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Introduction

Sauerkraut is a finely cut raw cabbage that has been fermented by various lactic acid bacteria that are naturally present on cabbage leaves.

Fermenting foods can make them richer in probiotic bacteria and therefore can add good bacteria and enzymes to the intestinal flora when consumed. This process is associated with the health of the gut microbiome and immunity.

Due to this, sauerkraut offers nutrition and health benefits far beyond that of fresh cabbage. The fermentation process also means sauerkraut has a distinct flavor and aroma.

The use of sauerkraut dates back centuries, with ancient writings from Hippocrates describing this food as part of his health and medicinal routines. In todays world, sauerkraut is not a popular food in many cultures, however it is still often mentioned in health magazines and articles for its unique benefits.

1. May Improve Gastrointestinal Health

Sauerkraut is thought to boost gastrointestinal health by adding good bacteria to the gut, with research showing that just one serving contains up to 28 distinct bacterial strains [1].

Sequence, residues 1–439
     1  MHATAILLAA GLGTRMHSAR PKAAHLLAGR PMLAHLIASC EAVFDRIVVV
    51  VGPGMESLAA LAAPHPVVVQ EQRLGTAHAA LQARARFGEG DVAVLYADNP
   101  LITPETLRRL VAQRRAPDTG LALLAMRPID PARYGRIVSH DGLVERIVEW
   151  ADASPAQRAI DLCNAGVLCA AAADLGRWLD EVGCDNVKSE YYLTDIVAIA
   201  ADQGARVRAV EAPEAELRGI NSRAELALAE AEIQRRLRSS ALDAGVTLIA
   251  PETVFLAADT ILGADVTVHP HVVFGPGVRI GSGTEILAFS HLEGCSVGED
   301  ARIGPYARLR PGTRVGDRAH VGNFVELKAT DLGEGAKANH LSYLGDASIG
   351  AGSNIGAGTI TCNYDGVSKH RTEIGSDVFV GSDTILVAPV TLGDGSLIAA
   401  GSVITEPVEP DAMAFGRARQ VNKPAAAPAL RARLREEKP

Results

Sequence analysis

75 grams of sauerkraut daily for 6 weeks has shown to significantly reduce gastrointestinal issues in people with irritable bowel syndrome. In addition, based on an analysis of fecal microbiota of these individuals, it was shown that sauerkraut had caused beneficial changes in the diversity of bacterial communities in the gut [2].

Much lower doses for shorter periods, such 3.5 grams per day for 4 weeks, have also shown positive effects for reducing the frequency and severity of gastrointestinal issues in these patients [3].

It is hypothesized that the natural content of complex carbohydrates in fermented sauerkraut gives the product its strong prebiotic properties – such as from galacto-oligosaccharides and fructooligosaccharides.

Also, it is plausible that other substances besides bacteria, such as dietary fibers or glycosinolates present in sauerkraut can act therapeutically in the treatment of irritable bowel syndrome.

In particular, sauerkrauts content of probiotics may act as the first line of defense against toxins and harmful bacteria [4]. Numerous studies also conclude that probiotics help gastrointestinal issues such as reducing gas, bloating, constipation, diarrhea [5].